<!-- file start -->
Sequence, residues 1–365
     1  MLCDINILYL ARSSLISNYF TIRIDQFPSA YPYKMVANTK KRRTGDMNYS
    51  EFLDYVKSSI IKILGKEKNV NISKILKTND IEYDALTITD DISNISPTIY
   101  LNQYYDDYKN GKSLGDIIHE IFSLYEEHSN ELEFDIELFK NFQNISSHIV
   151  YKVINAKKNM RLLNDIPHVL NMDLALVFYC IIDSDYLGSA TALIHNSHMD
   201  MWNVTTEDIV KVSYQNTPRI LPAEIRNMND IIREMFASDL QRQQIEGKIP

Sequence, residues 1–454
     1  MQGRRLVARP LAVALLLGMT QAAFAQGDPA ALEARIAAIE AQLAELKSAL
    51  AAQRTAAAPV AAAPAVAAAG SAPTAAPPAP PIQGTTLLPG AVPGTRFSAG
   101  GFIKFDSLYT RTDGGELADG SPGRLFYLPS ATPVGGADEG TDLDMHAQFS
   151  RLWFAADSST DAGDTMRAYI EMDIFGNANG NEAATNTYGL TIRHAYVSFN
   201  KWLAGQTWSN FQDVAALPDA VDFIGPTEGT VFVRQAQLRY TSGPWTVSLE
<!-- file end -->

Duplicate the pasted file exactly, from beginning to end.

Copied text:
Sequence, residues 1–365
     1  MLCDINILYL ARSSLISNYF TIRIDQFPSA YPYKMVANTK KRRTGDMNYS
    51  EFLDYVKSSI IKILGKEKNV NISKILKTND IEYDALTITD DISNISPTIY
   101  LNQYYDDYKN GKSLGDIIHE IFSLYEEHSN ELEFDIELFK NFQNISSHIV
   151  YKVINAKKNM RLLNDIPHVL NMDLALVFYC IIDSDYLGSA TALIHNSHMD
   201  MWNVTTEDIV KVSYQNTPRI LPAEIRNMND IIREMFASDL QRQQIEGKIP

Sequence, residues 1–454
     1  MQGRRLVARP LAVALLLGMT QAAFAQGDPA ALEARIAAIE AQLAELKSAL
    51  AAQRTAAAPV AAAPAVAAAG SAPTAAPPAP PIQGTTLLPG AVPGTRFSAG
   101  GFIKFDSLYT RTDGGELADG SPGRLFYLPS ATPVGGADEG TDLDMHAQFS
   151  RLWFAADSST DAGDTMRAYI EMDIFGNANG NEAATNTYGL TIRHAYVSFN
   201  KWLAGQTWSN FQDVAALPDA VDFIGPTEGT VFVRQAQLRY TSGPWTVSLE